Brain images from people with schizophrenia. Photo by Flickr user http://www.cihr-irsc.gc.ca.
In the month since the shootings at Sandy Hook Elementary (which as far as we know, was not committed by someone with mental illness), I’ve been encouraged by how much of the conversation has been framed around mental health and the lack of services for those who need them. We saw that front-and-center with Liza Long’s powerful “I Am Adam Lanza’s Mother” post. We’ve seen it elsewhere, too. I want to call attention another such story today, because it makes great points about what’s missing and what society needs to do — not only to curb mass shootings, but also to help the many, many nonviolent people who struggle with mental illness daily but can’t get the help they need because it doesn’t exist or isn’t available to them.
Chantel Garrett wrote this piece about her brother, Max, who suffers from paranoid schizophrenia. In her article, she doesn’t just talk about how difficult it is for Max to stay afloat. She also offers concrete steps for repairing the system so that Max and others like him might hope for functional, fulfilling lives.
Mostly, I want to let Garrett do the talking here, because she does it well:
2) Change the law to more easily help an adult loved one get involuntary care when they desperately need it – before anyone gets hurt.
We must begin to fill the gaps in the mental health care system that could have potentially helped to prevent recent massacres at the hands of people in need of psychiatric intervention. Studies show that early intervention greatly improves the prospect for recovery. In my own experience with my brother, a first dose of anti-psychotics during a psychotic episode palpably reduces paranoia and hallucinations.
A few years ago, Max went off his medication, barricading himself in his apartment and warning his family to stay away. In an extremely psychotic state, he plastered the Web with terrifying words and images, predominantly aimed at the people who love him most. While punishing to read, as the time and severity of his symptoms wore on, his posts became our only proof that he was still alive – our only hope that he could still get help.
For two months, my parents and I campaigned the local police to knock down his door and get him to a hospital. My dad became a fixture at the police station. We sent the police chief Max’s blog and threatening emails. We explained his diagnosis, his years of involuntary hospital commitments and dire need for care before he did more permanent damage to his brain. His neighbors also called the police to complain. The police went to his house multiple times but said they didn’t have cause to forcefully enter. Their response was always the same. “We understand that he’s very sick, but what has he done? Call us when he’s done something and we’ll pick him up.”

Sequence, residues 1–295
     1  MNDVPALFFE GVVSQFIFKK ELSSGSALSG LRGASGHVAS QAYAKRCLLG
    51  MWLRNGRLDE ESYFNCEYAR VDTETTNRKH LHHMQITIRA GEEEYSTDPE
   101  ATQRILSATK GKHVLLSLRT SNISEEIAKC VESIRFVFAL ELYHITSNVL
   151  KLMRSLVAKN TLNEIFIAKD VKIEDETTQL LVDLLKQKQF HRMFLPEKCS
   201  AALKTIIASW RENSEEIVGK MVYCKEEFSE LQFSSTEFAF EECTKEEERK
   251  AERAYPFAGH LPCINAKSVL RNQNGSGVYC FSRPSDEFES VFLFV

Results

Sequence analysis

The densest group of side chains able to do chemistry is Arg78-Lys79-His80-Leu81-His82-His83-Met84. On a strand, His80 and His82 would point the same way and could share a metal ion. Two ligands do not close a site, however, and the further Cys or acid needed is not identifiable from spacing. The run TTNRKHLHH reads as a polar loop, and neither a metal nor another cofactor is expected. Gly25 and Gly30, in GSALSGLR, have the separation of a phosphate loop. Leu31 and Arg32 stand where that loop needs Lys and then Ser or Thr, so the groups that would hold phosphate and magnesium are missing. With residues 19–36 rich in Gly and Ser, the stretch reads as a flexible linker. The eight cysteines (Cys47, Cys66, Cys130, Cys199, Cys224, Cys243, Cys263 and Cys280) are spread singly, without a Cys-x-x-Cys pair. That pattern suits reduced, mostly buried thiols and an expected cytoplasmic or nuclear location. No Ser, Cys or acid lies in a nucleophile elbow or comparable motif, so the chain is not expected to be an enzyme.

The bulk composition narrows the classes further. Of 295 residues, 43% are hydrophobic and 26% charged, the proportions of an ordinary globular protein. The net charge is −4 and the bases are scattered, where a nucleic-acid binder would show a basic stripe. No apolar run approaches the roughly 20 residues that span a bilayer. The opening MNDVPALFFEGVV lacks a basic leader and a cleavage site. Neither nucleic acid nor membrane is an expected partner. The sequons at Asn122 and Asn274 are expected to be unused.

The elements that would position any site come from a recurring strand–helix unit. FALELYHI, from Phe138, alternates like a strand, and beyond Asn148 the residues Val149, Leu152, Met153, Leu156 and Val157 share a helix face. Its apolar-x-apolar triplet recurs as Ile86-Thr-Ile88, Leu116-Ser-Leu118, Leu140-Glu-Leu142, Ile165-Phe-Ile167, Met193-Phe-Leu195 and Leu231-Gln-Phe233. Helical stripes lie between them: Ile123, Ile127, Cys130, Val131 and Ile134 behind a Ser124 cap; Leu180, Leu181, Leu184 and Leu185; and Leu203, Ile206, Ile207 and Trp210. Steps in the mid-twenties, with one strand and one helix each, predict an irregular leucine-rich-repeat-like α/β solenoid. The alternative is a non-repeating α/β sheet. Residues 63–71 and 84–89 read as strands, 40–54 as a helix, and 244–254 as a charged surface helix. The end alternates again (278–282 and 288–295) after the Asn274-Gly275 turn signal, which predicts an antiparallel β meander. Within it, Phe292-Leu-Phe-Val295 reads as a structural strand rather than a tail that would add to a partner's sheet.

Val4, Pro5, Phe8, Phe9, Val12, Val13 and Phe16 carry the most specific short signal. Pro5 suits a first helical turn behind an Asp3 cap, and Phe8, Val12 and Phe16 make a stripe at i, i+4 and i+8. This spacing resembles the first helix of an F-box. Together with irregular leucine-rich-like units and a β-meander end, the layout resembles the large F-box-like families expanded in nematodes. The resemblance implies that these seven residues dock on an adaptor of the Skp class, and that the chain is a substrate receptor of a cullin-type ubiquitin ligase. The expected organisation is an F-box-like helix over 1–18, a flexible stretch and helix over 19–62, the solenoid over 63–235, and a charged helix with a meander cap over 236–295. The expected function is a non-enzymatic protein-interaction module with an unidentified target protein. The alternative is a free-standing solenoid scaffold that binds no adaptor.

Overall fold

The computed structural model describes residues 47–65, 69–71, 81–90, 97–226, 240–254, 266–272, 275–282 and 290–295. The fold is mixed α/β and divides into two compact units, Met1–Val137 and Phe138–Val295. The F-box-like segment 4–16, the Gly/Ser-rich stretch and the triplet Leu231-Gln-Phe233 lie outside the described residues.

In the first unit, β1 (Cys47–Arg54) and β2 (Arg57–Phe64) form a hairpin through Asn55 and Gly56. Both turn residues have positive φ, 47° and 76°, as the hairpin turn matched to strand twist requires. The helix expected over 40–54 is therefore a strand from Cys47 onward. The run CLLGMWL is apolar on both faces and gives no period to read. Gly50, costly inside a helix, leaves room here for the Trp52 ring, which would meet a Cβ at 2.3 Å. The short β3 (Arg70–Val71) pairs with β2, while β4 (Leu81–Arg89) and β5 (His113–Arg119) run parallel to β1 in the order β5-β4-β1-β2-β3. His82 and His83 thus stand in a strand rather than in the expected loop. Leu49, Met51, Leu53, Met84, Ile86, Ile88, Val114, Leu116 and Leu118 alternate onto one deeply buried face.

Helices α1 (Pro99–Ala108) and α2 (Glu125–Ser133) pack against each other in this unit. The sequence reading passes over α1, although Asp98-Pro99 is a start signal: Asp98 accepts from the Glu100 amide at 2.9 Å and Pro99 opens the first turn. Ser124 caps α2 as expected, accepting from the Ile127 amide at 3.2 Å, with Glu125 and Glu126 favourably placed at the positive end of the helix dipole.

Males with schizophrenia most often become symptomatic in their late teens to early 20s. From a legal standpoint, parents hands are often tied trying to get help for their sick child who is of legal age, with the current standard of “danger to oneself or others” far too hazardous.
The “dangerous” bar is too high to get someone with acute psychotic symptoms care when they need it most – and when they are the largest threat to themselves and, potentially, their family and community. Why should it not instead be a standard of gravely disabled – unable to care for oneself or for others? Surely, if the police could have somehow glimpsed at him and his apartment, they would have immediately seen that he was unable to care for himself.
We need to change the law, and create a mental health workforce working alongside officers and families to provide more proactive, onsite assessment of people who are credibly unable to care for themselves – before it gets to the point of “dangerous.”
Do you know someone who’s mentally ill and prone to violence when they’re in their darkest periods? If so, what do you think would help them the most?